one of the first songs I ever really, really loved and knew every word to and even sang in public with my best friend from third grade (who had white patent leather beatle boots and thought she was an olympic gymnast) was “both sides now” by joni mitchell. I never fell for her full on in the same way perhaps claudia gonson has or a few of my other mates but I can surely recognize that the woman has written some classic songs (I love “big yellow taxi” too). so why, I wonder, is the bbc out to get her? why do they have such issues with this woman? has she, like bob dylan, sold her soul to starbucks and victoria’s secret? I don’t think so. perhaps she is planning to. I don’t know, but can we just let her have her comeback, evaluate it and then decide whether she sucks or not (now)? for chrissakes, if you want to start deciding who should not be allowed to make another record, let’s start with natasha bedingfield or someone truly offensive. leave joni alone. yeah, the woman takes herself a little too seriously but so what? let her be.

pipas on the road again.

pipas are heading to the us of a again, so don’t be silly, get your butt out to see them.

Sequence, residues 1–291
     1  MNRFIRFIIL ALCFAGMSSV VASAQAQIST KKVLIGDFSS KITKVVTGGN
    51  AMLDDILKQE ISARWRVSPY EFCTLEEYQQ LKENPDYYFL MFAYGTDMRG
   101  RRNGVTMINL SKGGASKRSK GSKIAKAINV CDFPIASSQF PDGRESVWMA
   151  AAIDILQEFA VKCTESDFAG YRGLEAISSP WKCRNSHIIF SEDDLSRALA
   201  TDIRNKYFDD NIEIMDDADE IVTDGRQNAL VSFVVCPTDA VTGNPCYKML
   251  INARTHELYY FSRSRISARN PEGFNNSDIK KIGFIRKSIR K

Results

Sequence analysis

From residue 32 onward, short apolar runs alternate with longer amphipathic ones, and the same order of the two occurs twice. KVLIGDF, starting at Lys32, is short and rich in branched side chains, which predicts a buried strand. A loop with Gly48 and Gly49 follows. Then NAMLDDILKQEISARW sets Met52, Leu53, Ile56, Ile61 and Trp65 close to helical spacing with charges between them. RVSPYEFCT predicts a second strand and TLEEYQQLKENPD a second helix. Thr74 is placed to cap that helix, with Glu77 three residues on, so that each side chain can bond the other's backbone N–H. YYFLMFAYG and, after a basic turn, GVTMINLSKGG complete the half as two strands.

here is where they will be:
17 may: rickshaw stop in san francisco, ca w/ land of ill earthquakes
19 may: mustang club in modesto, ca w/ land of ill earthquakes
20 may: press club in sacramento, ca record club event w/ land of ill earthquakes, baby grand & buildings breeding
21 may: venue tbc in santa barbara, ca w/ land of ill earthquakes
24 may: knitting factory in los angeles, ca w/ the clientele!
27 may: venue tbc in new york city for nyc pop fest! w/ cause co-motion (a longstanding dream of ours to play with them!!)
08 june: bowery ballroom in new york city w/ the clientele

sound of the screen.

london’s observer gives their list of the 50 greatest film soundtracks here (or read below). do you agree? what’s missing? please, do weigh in. I, for one, would like to see brazil on there, among others.

from the observer:

the 50 greatest film soundtracks